Katz Mulk

Deeply embedded in the Manchester underground, Katz Mulk was born out of the Human Heads crew. The trio makes warped electronics, auto tuned improv and loose pop music that combines the best of hipstertronics and hardcore avant-garde music. Their debut is soon out on the top notch Singing Knives label. As suiting for the ‘now sound of Manchester’ we had this ‘Facebook messenger’ conversation with Ben Night, Andrea Kerney and Hugh Morris about their avant-pop and performance explorations in experimental music.
28 May 2017 | AG 9.1
Ben Night

Hi ya’ll...Niels wants to interview Katz Mulk for The Avant-Guardian (an irregular KRAAK publication).

Niels Latomme

What’s up with the photo?

BN

Haha. The photo came about through a chance meeting at a gig with those sunglasses and Andrea’s mad Photoshop skills. I think it’s an accurate depiction of Katz Mulk in a Mad Max Brexit world. We are the band to heal those wounds!

NL

So, you make political music?

BN

You’re asking all the big hard hitting questions here Niels!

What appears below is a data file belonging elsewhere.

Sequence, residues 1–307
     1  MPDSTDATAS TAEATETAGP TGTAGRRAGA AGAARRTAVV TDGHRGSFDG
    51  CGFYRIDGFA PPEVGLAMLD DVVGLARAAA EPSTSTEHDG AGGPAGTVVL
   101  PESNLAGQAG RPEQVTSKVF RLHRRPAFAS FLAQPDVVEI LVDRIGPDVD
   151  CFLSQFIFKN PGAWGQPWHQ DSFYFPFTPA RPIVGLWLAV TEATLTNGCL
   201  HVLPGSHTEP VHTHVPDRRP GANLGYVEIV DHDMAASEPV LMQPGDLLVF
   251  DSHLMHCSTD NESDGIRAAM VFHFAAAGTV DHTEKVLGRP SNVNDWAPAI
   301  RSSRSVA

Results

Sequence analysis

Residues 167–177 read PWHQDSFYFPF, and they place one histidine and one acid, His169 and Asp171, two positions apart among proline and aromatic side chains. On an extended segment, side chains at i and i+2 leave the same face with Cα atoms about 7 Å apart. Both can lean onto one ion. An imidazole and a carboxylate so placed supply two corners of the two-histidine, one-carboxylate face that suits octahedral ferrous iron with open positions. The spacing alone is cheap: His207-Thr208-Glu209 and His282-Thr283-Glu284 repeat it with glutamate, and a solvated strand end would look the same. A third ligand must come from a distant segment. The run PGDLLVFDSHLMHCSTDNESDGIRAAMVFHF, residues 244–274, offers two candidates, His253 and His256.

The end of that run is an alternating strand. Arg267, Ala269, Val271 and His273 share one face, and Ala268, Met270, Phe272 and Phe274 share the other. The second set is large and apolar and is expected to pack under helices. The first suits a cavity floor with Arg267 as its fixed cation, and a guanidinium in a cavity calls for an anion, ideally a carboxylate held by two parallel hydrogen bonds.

NL

That’s my style …

BN

We don’t make protest music, so not with a big ‘P’. I think we make rough, joyous group musick with narrative fragments stuffed in the holes. And we’re resolutely DIY, but I don’t want to speak for everyone else on this question because we all bring our own sensibilities to it. But with promoting gigs regularly as I do with psykick dancehall, I think there’s a politics to that which is more clearly identifiable...   

NL

Tell me, where comes the name ‘Katz Mulk’ from?

BN

 Ah... a jumble of associations and happen stance. Ben and me were asked to do a gig at Fuel Cafe in Manchester, and we’re not fans of the Morris/Knight duo approach to naming, so I think Ben suggested it initially. And I jazzed it up with the k and the zs. Also, I like that it echoes and is partly inspired by these weird chocolates I found in a German supermarket called katzenzungen (cats tongues!). Also, I thought it had a Jeff Keen vibe to it but I’ve gone cold on the relevance of that. More importantly, we are fans of the cat in general.

NL

Katz Mulk sounds to me pretty hip hop inspired, you have any affinity to hip hop?

BN

Do you mean our name or the music?

Andrea Kerney

If Katz Mulk are hip hop then I’m flava flav (don’t put that in the interview)… 

NL

Too Late!

AK

Where are you getting the hip hop vibe?

NL